Also to clarify what I indicated earlier, some trial judges have suggested that because the family part is one tasked with imparting an equitable result, they may still apply the economic benefits test and potentially modify – rather than suspend or terminate as the statute says – an existing alimony obligation. Notably, as I wrote for the Law Journal, those amended portions of the law addressing an alimony change in the event of the payer’s retirement or down income use the word modify as a possible option, but that word is nowhere to be found in the cohabitation section. Was that deliberate, favoring the notion that the law is more payor friendly, or was it unintentional and not meant to wipe away the old law? We do not yet know the answer. Also notable is how a recent case addressing the retirement language section of the amended statute relied upon statutory interpretation and construction, rather than a broader interpretation that perhaps some practitioners were expecting. This does not mean, however, that the cohabitation portion of the statute will be similarly analyzed and applied.
Other trial judges have indicated that the statute requires a suspension or termination, although a separate question exists as to when a suspension would occur. Perhaps as a sign of rulings to come or, perhaps, also inadvertently, the Appellate Division in one of those two cases I mentioned above indicated that alimony “shall” terminate upon cohabitation by the payee. This, however, was neither an issue or holding in the case, and even the statute uses the word “may” rather than “shall.” Also, when should a so-called suspension of alimony even occur? Should it only occur during a cohabitation proceeding and potentially be reinstated if cohabitation is ultimately unproven? Should it occur as a final result and be subject to reinstatement if the cohabitation ends? The answers are unknown at this point.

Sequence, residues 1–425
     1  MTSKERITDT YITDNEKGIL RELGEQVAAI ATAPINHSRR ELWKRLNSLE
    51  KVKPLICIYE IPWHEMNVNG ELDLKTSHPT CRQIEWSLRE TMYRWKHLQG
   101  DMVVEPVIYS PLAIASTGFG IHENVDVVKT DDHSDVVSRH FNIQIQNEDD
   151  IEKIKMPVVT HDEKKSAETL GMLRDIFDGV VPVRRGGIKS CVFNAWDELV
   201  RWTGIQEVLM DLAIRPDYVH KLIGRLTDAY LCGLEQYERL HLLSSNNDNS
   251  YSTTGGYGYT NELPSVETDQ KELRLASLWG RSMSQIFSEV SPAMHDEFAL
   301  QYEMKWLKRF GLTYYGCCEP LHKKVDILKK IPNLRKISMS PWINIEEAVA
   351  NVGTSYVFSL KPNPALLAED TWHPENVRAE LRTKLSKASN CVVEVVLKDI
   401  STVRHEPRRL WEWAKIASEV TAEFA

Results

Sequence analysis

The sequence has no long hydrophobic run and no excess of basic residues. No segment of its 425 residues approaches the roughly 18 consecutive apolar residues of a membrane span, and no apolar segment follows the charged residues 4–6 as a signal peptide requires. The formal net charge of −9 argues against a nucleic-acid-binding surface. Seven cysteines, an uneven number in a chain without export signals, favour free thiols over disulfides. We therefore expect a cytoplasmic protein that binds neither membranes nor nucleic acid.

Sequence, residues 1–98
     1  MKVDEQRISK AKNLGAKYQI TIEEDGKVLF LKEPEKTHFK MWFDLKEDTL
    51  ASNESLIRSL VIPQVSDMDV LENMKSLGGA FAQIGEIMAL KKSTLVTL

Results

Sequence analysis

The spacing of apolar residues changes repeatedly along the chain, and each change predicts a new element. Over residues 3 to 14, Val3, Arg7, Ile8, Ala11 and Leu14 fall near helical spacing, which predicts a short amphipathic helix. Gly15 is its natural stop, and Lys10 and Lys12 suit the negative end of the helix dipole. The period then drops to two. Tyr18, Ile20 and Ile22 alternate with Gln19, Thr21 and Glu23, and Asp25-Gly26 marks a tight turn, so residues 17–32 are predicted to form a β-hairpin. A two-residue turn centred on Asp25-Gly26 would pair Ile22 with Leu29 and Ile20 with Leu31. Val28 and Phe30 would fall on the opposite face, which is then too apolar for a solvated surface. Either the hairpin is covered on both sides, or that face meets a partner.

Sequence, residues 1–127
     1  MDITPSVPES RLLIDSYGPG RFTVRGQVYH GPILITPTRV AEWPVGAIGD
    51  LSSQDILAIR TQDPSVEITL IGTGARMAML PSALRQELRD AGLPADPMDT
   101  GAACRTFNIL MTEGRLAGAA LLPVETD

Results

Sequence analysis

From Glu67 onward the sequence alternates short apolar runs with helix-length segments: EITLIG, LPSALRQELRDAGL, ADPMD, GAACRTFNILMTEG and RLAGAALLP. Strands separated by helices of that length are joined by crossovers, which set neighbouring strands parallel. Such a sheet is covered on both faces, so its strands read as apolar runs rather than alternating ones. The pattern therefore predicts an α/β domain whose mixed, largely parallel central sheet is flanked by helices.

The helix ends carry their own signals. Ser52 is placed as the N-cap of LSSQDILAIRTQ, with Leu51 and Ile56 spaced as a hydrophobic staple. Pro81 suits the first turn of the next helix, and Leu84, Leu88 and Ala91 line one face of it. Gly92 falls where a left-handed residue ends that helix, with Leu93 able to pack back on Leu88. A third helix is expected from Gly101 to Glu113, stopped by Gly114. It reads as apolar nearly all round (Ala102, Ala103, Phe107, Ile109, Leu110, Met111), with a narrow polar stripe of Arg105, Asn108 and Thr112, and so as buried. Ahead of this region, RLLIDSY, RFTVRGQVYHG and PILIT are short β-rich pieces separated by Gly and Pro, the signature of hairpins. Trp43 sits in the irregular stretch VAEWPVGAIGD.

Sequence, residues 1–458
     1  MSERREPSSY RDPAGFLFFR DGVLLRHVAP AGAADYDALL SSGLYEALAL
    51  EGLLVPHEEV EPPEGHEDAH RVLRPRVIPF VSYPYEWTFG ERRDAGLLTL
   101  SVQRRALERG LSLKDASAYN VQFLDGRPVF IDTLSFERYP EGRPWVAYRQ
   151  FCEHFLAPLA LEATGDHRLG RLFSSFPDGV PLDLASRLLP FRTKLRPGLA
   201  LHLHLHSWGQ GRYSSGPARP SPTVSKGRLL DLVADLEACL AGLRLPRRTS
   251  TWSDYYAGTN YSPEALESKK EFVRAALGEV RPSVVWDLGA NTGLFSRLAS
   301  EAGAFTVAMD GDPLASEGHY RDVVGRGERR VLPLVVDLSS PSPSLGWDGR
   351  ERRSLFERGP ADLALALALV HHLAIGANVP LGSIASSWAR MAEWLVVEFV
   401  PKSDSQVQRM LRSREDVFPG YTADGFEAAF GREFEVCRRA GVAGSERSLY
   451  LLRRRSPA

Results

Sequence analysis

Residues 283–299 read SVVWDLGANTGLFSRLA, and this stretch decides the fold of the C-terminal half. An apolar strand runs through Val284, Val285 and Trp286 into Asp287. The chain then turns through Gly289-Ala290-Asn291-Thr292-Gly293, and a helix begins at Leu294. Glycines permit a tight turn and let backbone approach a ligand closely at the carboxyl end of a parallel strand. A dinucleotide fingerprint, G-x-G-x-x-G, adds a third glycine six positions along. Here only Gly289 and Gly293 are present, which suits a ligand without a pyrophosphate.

What about making the initial cohabitation showing? As is true with any case, judges are going to look at the same set of facts differently from each other. For instance, while one judge may find it sufficient for the payor to establish that the couple has been living together at least four days per week for a month, another judge may want more. While one judge may deem sufficient intertwined finances via a single joint bank account and the couple holding themselves out as in a relationship on occasion, another judge may disagree. All judges present at the seminars seem to agree, however, that the more information and evidence of cohabitation to be considered in the initial filing, the better. We even discussed a good old fashioned garbage inspection, where you never know what kind of gems may turn up in a payee’s trash bin – in other words, one payee’s trash may be one payor’s Exhibit A to a Certification.
Thus, no matter how the law is to apply once cohabitation is established (suspension, terminate or modify), the process by which a payor spouse is to gather information for a motion to “address” alimony due to cohabitation seems to remain the same. Private investigators will often still be a potentially key part of the puzzle, and, to the extent the couple somehow cannot manage to keep themselves from discussing the relationship on social media, such evidence is often, but not always, the equivalent of the goose that laid the golden egg – in other words, the online version of the garbage can.
It was those recent seminars that really brought back to the forefront for me how much has yet to be determined under the amended law and, perhaps more importantly, how each case leaves unanswered the question of what gets a moving party passed that first litigation hurdle, and what a payee spouse can do to successfully fend it off. For both sides, the picture remains cloudy in some ways and crystal clear in others, and that is without any of the sort of guidance that we have recently seen with the retirement portion of the amended law. We will all continue to stay tuned as to what this portion of the new law can do once tested.
*Photo courtesy of mondspeer (Google free images).